There is an almost eerie American Founding-era parallel to the recent kerfuffle over Donald Trump taking hydroxychloroquine.
Conspiracy theorist Alex Jones is promoting his "Superblue" toothpaste as a remedy against coronavirus, despite health experts insisting that the key ingredient is neither safe nor effective against any ailment.
Critics wonder if people know the difference between medical doctors and naturopathic doctors as a Canadian town funds a naturopathic clinic to alleviate their doctor shortage.
Authorities arrested a New York man and his mother Wednesday for allegedly offering and promoting a notorious fake cancer "cure" online. The bogus treatment contains cyanide and scientists say it offers no medical benefit.
Joshua McAdams and Taylor Bland brought their 4-year-old son to two of his chemotherapy appointments before taking him out-of-state to try alternative medicine.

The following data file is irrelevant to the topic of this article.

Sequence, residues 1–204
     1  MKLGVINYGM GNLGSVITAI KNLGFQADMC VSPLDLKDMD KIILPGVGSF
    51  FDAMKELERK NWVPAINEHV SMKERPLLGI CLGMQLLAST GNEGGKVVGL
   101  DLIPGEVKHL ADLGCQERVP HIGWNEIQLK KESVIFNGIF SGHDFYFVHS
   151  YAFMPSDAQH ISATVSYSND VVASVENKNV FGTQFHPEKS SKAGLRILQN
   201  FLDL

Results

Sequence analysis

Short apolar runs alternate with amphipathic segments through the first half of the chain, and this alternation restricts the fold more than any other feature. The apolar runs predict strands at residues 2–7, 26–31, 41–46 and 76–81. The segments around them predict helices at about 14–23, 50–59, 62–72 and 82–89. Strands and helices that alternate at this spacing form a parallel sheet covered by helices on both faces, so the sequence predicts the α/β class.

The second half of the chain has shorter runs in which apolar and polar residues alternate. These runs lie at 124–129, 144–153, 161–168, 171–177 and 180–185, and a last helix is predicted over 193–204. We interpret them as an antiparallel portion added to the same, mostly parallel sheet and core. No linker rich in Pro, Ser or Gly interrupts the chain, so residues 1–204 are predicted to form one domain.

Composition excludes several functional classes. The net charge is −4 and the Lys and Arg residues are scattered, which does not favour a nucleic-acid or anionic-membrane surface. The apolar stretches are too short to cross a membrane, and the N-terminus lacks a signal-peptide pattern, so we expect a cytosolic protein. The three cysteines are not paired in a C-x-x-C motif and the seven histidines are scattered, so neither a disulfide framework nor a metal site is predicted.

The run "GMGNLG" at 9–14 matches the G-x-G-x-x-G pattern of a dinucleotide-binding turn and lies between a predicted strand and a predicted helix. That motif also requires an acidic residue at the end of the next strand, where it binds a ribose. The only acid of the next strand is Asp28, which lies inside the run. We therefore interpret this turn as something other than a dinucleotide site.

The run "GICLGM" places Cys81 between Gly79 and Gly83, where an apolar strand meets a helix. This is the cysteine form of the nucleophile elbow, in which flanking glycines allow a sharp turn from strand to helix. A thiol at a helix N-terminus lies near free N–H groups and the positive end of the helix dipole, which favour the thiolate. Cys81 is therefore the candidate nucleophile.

"In the morning that is the first thing I do," one member said. "Let some part go, take the middle part, put it in my eyes, put it in my face, and just have some Chai in the morning."
This is not the first incident of supposedly bulletproof products failing to function in Nigeria.
The woman suffered had a severe reaction to the bee venom.
The FDA would start looking more closely at manufacturers of homeopathic remedies intended for young children and older people if these new guidelines pass.
Signiﬁcant obstacles discourage pharma companies from devoting the power needed to develop a patentable drug to take the plant's place.
Enemas for cancer, acupuncture for pain: Who cares if the "cures" don't work?
Scientists hope to soon test the herb in humans.